Q & A Section

We wind up with a brief Q&A section, where our live audience & attendees get to hop into the consolidated experience and brainpower of today’s wonderful panel.

Thank you to the fantastic teams at HPE APAC, HPE Pointnext, and VMware Tanzu. for making it achievable.

For more information, visit:

HPE Australia –
HPE Pointnext – 
VMware –

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Huawei Joins Internet Society initiative to Boost Global Internet Security



Huawei joins Internet Society Initiative (ISOC)

Huawei has announced that it is to be a founding member of a new program backed by the Internet Society (ISOC) to actively improve global Internet security.

The global economy has never been as interconnected or as reliant on the internet as it is now. And while it may appear to some that the internet is a single coherent entity, it is in fact a massively devolved array of interconnected networks managed by numerous different entities and running on equipment from a variety of different vendors. International cooperation is essential to ensure that is it able to combat the many threats that is faces.

The routing foundations on which the internet is built is relied upon to transport exponentially increasing volumes of digital traffic, but this infrastructure has cracks, and they are growing. Every day goes dozens of incidents affect this routing system. Route hijacking, route leaks, IP address spoofing, and other harmful activities often leading to DDoS attacks, traffic inspection, lost revenue, reputational damage, and more. These incidents not only occur on a global scale, but they are hyper-infectious by nature, with the routing problems faced by one operator rapidly cascading to impact others.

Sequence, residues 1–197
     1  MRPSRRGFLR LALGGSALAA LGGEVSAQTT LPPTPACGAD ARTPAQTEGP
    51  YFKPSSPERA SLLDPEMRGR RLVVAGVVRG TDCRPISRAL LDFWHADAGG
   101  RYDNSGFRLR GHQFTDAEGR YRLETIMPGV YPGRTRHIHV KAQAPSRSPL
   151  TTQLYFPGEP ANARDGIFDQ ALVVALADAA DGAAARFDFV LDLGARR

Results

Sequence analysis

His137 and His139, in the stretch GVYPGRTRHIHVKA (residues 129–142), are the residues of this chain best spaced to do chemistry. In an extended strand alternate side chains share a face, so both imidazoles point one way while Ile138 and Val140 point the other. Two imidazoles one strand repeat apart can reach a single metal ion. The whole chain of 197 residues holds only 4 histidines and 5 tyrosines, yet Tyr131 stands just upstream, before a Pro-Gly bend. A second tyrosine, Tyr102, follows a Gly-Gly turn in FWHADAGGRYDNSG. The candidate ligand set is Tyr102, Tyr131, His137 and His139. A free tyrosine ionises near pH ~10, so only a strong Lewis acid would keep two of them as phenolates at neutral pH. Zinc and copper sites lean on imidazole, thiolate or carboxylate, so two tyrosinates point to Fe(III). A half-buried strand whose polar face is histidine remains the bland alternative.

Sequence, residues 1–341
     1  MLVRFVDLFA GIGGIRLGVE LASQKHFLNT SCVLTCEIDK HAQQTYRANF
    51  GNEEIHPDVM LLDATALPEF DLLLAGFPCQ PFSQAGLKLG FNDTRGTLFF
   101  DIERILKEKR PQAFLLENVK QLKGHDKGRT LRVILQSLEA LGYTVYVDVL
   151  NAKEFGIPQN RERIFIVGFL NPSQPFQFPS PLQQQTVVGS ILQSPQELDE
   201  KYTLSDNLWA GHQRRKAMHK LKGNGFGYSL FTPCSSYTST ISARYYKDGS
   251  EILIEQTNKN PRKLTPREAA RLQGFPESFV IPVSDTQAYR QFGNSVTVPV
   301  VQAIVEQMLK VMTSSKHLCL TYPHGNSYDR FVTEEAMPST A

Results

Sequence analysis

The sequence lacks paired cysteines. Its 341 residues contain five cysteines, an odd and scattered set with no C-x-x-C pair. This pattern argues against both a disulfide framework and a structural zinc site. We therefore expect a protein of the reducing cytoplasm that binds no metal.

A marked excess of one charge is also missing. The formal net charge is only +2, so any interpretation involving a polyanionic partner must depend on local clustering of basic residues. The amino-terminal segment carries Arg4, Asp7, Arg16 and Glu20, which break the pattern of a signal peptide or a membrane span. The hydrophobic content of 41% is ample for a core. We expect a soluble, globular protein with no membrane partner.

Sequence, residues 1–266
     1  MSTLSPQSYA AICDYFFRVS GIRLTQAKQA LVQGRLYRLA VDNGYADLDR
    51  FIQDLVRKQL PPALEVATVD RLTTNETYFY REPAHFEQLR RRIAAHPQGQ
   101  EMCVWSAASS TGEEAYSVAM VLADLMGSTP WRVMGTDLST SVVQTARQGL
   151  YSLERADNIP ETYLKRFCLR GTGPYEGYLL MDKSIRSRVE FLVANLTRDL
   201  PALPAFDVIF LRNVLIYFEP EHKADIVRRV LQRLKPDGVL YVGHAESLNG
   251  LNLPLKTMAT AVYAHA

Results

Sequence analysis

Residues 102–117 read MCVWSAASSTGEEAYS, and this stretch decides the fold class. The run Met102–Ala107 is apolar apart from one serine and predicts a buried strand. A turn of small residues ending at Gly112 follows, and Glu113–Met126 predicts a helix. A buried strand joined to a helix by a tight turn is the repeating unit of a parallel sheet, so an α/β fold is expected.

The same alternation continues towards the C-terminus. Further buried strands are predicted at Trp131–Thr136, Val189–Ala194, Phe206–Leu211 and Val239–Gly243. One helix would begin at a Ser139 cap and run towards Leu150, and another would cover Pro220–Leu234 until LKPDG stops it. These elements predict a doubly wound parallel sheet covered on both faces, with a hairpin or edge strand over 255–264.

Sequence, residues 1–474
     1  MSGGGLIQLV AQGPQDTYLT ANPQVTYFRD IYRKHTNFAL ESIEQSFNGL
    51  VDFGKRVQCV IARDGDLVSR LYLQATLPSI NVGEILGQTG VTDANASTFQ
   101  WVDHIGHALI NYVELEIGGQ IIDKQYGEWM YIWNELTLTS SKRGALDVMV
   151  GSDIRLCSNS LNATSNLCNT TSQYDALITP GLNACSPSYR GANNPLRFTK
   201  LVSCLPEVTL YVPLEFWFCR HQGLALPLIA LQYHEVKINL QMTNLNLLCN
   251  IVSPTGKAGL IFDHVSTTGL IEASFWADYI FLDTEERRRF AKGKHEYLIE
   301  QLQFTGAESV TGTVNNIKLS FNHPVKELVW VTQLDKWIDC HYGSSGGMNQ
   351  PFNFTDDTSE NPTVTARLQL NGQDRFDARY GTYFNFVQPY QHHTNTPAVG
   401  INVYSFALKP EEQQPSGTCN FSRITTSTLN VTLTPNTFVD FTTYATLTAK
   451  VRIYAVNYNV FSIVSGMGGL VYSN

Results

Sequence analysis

Huawei joins MANRS to strengthen global internet security

To provides crucial fixes to reduce the most common routing threats, the Internet Society has instigated a global initiative called Mutually Agreed Norms for Routing Security (MANRS). Critical to its success is the participation of the router vendors, such as Huawei, which have joined its Equipment Vendor Program (EVP).